Spirals are usually joined in two ways, “S” curves and “C” curves. An S curve is usually used if everything is rotating the same direction. C curves are usually used to join spirals if they are rotating in opposite directions.


Here’s a few more examples of things you’ll want to become familiar with (note that these are how I think of them, I haven’t found a definitive description yet. Each book calls them something a little different.):

A. Single Spiral with a comma end
B. Double spiral with pointed ends & a pinwheel center
C. Double spiral with club ends & an elongated pinwheel center
D. Double spiral using pointed & comma ends with a trumpet termination
E. Two single spirals joined with an “S” curve, using a trumpet termination to change direction
F. And just for fun, a triskele & knotwork


Look at example D above. At first glance, it appears to be a single spiral, with a fairly thick line separating them. Watch what happens when this gets stacked with another:


The trumpet terminations give you a graceful place to adjust the angles and allow what *appears* to be the dominant element (fatter spiral) on the upper portion morph into what defines the dominant element on the lower. We’ll play with that some more later (and hopefully not get lost in the process!)

Ready to try some of these? I should get the next part up this afternoon.

01-10-2007, 05:38 PM
So let’s start off doing two simple, single clockwise spirals joined by an “S” curve:

Use your ruler & divide your sketch paper in half with a midline. You’re going to need 7” overall for this, so close to the middle of your line (doesn’t need to be exact), make a tic mark. Now measure up 1/2" & make another tic mark. From that 2nd tic mark, measure another 1 1/2”. And one more tic mark 1 1/2" past your last one. Now go back to the first tic mark and make tic marks at the same places going down your midline. Here’s how mine looks:


So measuring from your first tic mark along the midline with your ruler, you’ve got a tic mark at 0, 1 1/2, 3, 3 1/2, 4, 5 1/2, & 7 inches. With your compass, set the point at the 1 1/2 mark. Draw a circle 3” in diameter. Now, down at the 5 1/2 mark, draw another 3” circle.


Next, if we think of the 1st circle like a clock face, draw in a curved line (don’t bother with the compass, just use your judgement) from 9 o’clock to the tic mark between the two circles. Then draw another from the tic mark to 3 o’clock on the 2nd circle. This is your guide for the “S” curve. And because I forgot to scan between these steps, take your ruler and make tic marks every 1/2 inch inside of the circles. These will be the guides for drawing in the spiral itself.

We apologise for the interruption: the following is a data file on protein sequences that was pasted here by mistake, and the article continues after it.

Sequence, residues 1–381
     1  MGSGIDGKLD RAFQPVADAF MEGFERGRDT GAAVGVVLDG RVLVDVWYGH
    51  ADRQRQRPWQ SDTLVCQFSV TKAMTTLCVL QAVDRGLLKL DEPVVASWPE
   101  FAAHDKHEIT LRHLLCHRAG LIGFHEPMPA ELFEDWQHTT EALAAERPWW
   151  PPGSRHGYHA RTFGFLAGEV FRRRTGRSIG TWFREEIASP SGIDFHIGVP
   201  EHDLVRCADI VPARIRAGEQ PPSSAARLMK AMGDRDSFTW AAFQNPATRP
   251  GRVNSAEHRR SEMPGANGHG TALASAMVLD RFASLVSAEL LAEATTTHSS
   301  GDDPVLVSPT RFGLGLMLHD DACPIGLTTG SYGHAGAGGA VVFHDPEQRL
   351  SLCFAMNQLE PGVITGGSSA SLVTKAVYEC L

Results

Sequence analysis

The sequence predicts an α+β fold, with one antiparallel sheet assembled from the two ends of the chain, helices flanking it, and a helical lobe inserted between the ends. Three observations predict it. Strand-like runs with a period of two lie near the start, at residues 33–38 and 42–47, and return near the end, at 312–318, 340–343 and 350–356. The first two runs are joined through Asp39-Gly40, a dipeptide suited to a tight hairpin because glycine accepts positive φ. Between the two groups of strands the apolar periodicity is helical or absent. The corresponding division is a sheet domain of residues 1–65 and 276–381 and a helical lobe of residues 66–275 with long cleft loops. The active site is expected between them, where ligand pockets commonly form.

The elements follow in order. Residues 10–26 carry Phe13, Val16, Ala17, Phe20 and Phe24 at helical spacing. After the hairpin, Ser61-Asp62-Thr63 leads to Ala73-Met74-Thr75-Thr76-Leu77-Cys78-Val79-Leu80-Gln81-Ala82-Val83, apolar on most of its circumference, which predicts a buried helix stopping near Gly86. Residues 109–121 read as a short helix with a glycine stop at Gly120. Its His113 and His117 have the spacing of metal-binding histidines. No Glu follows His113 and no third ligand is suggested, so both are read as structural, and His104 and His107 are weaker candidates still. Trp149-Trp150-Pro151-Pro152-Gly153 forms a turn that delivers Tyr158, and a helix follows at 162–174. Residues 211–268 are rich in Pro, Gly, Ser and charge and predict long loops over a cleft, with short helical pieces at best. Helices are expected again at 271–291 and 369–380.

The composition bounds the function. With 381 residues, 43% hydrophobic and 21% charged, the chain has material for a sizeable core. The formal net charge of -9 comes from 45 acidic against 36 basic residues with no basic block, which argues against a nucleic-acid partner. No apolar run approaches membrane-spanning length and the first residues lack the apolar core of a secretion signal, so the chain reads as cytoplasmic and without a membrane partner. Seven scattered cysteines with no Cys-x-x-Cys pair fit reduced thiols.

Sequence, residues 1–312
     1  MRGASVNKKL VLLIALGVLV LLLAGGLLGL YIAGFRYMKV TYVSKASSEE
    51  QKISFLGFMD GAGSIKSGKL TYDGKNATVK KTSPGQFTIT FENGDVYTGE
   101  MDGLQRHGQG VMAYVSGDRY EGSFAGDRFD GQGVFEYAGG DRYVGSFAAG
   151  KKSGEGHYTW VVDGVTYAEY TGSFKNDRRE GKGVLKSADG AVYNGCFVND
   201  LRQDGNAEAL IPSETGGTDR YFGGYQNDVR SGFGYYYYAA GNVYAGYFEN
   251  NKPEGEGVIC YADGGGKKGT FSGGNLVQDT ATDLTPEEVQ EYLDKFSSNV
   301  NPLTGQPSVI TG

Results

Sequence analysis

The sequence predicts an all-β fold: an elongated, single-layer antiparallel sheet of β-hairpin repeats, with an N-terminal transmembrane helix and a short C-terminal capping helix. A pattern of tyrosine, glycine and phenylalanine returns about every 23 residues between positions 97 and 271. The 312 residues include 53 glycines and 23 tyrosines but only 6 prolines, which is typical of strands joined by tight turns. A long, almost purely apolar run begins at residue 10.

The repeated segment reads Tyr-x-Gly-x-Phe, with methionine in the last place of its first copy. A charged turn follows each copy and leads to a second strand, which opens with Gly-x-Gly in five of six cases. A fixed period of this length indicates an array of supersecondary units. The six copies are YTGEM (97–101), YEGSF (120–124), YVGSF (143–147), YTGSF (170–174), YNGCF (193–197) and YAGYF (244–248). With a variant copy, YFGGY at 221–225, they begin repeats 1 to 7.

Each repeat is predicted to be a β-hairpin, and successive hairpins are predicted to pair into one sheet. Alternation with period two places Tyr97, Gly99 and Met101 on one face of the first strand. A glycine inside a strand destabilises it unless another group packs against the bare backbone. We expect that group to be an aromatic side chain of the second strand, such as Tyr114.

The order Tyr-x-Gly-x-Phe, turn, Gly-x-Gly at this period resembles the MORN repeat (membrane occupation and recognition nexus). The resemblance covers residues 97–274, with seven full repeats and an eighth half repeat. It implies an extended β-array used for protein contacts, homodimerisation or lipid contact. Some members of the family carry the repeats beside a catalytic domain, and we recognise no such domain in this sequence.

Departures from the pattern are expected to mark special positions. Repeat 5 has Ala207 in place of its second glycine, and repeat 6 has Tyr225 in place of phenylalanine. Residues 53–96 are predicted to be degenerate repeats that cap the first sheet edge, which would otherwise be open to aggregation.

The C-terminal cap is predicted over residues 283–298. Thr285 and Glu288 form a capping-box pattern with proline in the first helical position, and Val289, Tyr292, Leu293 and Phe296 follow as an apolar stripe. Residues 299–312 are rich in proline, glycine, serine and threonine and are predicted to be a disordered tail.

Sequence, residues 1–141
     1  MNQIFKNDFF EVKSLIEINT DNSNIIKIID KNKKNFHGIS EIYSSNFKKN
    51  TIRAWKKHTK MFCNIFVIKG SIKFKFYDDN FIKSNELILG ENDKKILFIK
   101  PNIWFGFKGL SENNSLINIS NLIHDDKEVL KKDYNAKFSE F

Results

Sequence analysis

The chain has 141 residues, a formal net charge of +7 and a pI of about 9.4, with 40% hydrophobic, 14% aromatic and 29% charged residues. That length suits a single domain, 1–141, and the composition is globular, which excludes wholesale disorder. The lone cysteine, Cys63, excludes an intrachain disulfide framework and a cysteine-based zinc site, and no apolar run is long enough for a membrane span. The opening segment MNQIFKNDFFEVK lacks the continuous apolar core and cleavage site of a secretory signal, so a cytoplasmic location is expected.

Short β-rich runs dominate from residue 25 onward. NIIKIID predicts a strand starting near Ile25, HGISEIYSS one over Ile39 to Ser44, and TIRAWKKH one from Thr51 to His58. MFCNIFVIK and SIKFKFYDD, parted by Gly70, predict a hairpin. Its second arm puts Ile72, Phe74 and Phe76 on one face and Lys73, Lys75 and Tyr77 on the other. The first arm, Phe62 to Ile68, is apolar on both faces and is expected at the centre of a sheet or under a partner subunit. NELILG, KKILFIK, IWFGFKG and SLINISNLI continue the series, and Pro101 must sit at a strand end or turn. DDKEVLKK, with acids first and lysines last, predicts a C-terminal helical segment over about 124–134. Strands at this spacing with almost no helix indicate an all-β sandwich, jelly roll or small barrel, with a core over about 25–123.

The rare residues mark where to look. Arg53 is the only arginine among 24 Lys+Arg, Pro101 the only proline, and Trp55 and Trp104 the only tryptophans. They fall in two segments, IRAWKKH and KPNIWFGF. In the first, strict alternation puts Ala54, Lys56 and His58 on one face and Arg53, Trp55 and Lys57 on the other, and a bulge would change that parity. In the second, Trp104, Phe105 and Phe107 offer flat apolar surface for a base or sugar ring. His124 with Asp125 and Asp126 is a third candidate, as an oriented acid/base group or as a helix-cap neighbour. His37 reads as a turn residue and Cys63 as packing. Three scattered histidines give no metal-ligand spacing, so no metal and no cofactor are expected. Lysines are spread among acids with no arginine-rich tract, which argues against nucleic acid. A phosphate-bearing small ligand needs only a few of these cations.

Now draw in a curve from the midline at 12 o’clock on your top circle to the 1st tic mark inside of the circle down at 6 o’clock. Make it as smooth and half-circle like as you can. If you want to use the compass, go ahead, but I find I spend an awful lot of time trying to correct how curves meet when I use it for this stage. If you use the compass, your midpoint will be at 1 1/4, instead of at 1 1/2. And because I forgot to scan between steps, draw in another curve from the same tic mark at 6 o’clock up to the 1st tic mark inside of the circle at 12 o’clock. Once again, try to make it as much like a half-circle as you can, with about 1/2 inch (the space between our tic marks) between it and the outside line of the circle.


Guess what’s next… Another curve from the 1st tic mark inside of the circle at 12 to the next available one down at 6 o’clock. Once again, try to make it as much like a half-circle as you can, with about 1/2 inch (the space between our tic marks) between it and the path you’re drawing.


And one more time from the tic mark you just used up to the next available at 12 o’clock. Don’t worry if it isn’t perfect. That’s what erasers and practice is for.


And lastly, one more curve from the tic mark you just used at 12 o’clock to your midpoint. Voila! Not too terribly hard, right?


So… ready to draw in the 2nd spiral? We’ll follow the exact same steps, only starting down at 6 o’clock on the circle & going up to the 1st tic mark at 12 o’clock. Etc. Here it is with the 2nd spiral completed:


Now let’s fill in the “S” connection. From the 9 o’clock position on the outside edge of the upper spiral, draw in a slightly curved line to 3 o’clock on the 1st inside line of the lower spiral.